RBG brought this kind of focus and perfection not just to writing, but to almost every aspect of her life. She was a careful listener, drawn to deep conversation, and, as her husband Marty was fond of pointing out, unmoved by glibness and superficiality. She was famous for her long pauses in conversation: “If you ask her a question that requires a thought-through answer, she will stop, think it through and then answer it,” Marty said in a 2004 interview. “She has done that for the fifty-four years I have known her. She still does it at dinner.”[25] In my own clerkship interview, I had to sit on my hands not to speak during the pauses, for I had been warned to let her finish her thoughts.

RBG didn’t just sweat the details of her legal work. She famously sent notes of thanks, condolence, and congratulations. Upon my own marriage, I received a lovely note from RBG featuring a sentence I found moving, having seen her wonderful relationship with Marty: “May you thrive in life’s most important partnership.”

She didn’t have to take time to write notes like this—anyone would have understood that the busy Supreme Court Justice had better things to do. Yet she made the time, even as she was preparing minutely for each case before the Court, drafting opinions of concise perfection, giving countless speeches and interviews in her precise speaking style, and teaching at least one clerk how to write bench memos. Lesson: If RBG could make the time to sweat the details, all of us can.

5. Have a life.

Not everyone has the capacity to work as hard as RBG did, and most of us should not try. Lawyers suffer among the highest rates of mental illness of any occupation,[26] and overwork often contributes to their depression, anxiety, and substance abuse. The message of RBG’s work ethic is not that life is all work and no play. Indeed, RBG attributed her success in law school not to relentless work, but to the constant shuffling, back and forth, between her course work and her duties as a parent. “Each part of my life provided respite from the other and gave me a sense of proportion that classmates trained only on law studies lacked,” she later recalled.[27]

It is true that on occasion Marty had to drag RBG out of her judge’s chambers to come home for dinner at night. But she had a life outside of work. She enjoyed water skiing and reading mystery novels. She rode horses well into her 70s and when asked at age 80 whether she would ever ride again, RBG said she had not “ruled it out entirely.”[28] RBG was also an avid exerciser, able to do pushups through the end of her life. Indeed, RBG once called her longtime personal trainer, Bryant Johnson, “the most important person” in her life (excluding her family). In one of the most moving tributes this year, Johnson honored RBG with a set of pushups when he visited her casket as she lay in state at the U.S. Capitol in September.[29]

RBG said that if she could choose one talent, it would be to have the “glorious voice” of an opera singer.[30] She saw her first opera, “La Gioconda,” at age 11, and never looked back. Opera offered her a much-needed escape from work. “Most of the time, even when I go to sleep, I’m thinking about legal problems. But when I go to the opera, I’m just lost in it,” Ginsburg said in 2015.[31] She was also a great patron and spokesperson for opera.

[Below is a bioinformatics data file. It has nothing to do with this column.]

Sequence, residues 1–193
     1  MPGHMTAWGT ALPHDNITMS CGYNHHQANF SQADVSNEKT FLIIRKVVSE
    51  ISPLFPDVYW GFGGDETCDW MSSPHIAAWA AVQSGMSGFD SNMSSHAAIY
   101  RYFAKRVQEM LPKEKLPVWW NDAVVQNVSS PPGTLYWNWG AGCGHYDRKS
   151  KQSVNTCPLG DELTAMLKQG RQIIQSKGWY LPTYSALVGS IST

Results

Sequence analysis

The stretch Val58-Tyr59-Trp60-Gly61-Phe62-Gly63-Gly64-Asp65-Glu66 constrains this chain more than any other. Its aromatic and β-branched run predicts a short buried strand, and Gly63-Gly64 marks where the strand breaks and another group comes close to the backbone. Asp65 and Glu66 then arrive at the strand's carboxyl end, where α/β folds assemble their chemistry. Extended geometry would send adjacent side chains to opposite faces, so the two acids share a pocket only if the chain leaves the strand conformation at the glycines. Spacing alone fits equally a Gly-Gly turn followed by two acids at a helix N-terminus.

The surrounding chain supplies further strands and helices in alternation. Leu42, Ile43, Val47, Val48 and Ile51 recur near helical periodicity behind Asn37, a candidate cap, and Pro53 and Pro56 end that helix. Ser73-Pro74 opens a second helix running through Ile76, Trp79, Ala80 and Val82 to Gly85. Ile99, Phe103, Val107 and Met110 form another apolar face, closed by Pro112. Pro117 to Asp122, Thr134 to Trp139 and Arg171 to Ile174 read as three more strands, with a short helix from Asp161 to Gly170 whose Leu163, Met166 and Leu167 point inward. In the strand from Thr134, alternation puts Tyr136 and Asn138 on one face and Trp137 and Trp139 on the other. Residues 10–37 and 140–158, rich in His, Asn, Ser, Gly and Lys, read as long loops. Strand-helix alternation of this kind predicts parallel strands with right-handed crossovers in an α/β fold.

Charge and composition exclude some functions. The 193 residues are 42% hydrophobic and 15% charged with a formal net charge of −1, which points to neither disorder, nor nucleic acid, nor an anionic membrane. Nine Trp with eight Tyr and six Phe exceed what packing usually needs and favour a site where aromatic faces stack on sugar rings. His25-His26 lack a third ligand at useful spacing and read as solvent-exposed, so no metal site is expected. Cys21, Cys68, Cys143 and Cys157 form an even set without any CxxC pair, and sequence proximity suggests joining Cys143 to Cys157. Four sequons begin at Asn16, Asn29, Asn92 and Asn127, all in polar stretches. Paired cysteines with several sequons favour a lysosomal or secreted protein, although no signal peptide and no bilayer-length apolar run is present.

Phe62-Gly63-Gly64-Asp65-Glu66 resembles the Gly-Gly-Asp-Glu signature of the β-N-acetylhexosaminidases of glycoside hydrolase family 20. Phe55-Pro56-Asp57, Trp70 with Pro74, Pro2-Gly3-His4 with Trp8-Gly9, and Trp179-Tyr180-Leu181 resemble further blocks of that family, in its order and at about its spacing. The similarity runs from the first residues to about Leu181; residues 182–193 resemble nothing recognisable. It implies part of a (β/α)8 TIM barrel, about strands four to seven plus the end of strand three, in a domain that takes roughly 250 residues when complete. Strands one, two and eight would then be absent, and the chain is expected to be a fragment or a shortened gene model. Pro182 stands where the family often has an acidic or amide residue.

Even in 2020, with RBG’s death on top of all the other seemingly endless disasters, I have tried to keep RBG’s model of life-work balance in view. While I am not a water-skier (and Alabama’s parks and lakes were shut down for much of the pandemic), I am a gardener. My hours weeding, tending, and planting have kept me sane during a time when—as a lifelong sufferer of major depression—I could easily have lost my grip. If RBG, one of nine Justices with the final vote on national issues such as marriage equality, voting rights, and the death penalty can squeeze in the happy moments that keep us in balance, surely all of us can. Lesson: Be kind to yourself.


Heather Elliott: Alumni, Class of ’36 Professor of Law, the University of Alabama School of Law; J.D. 2000, University of California, Berkeley School of Law. In 1999, then-Dean of Berkeley Law Herma Hill Kay recommended me as a potential clerk to Justice Ginsburg. Being hired as a law clerk for the 2001 Term felt like winning the lottery. Many thanks to my OT’01 co-clerks Dave O’Neil, Joe Palmore, and Aaron Saiger for contributing to this essay and to my research assistant Chris Aiken for his extraordinary help in drafting it.

[1].  Women were less than three percent of the legal work force in 1956, and only one woman had ever sat on a federal court of appeals. Ruth Bader Ginsburg, My Own Words, preface by the author, xvi (2016).

[2].  Linda Hirshman, Sisters in Law: How Sandra Day O’Connor and Ruth Bader Ginsburg Went to the Supreme Court and Changed the World 15 (2015).

[3].  “At that time, about 90 percent of testicular cancer patients died of the disease. Looking back, Ruth Bader Ginsburg does not even allow herself the luxury of the 10 percent: ‘At that time, there were no known survivors,’ she says flatly.” Id. at 17.

[4].  Rebecca Gibian, The RBG Way: The Secrets of Ruth Bader Ginsburg’s Success 104 (2019).

[5].  Hirshman, supra note 3, at 21.

[6].  Hirshman, supra note 3, at 21.

[7].  Id. at 21-22.

[8].  Petula Dvorak, Opinion, Ruth Bader Ginsburg had to leave America to see how unfairly it treated women, Wash. Post (Sept. 24, 2020), https://www.washingtonpost.com/history/2020/09/24/rbg-ruth-bader-ginsburg-sweden-equality-women/ [https://perma.cc/QWR4-UJJQ].

[9].  Id.

[10].  Elizabeth Sepper & Deborah Dinner, Sex in Public, 129 Yale L.J. 78 (2019).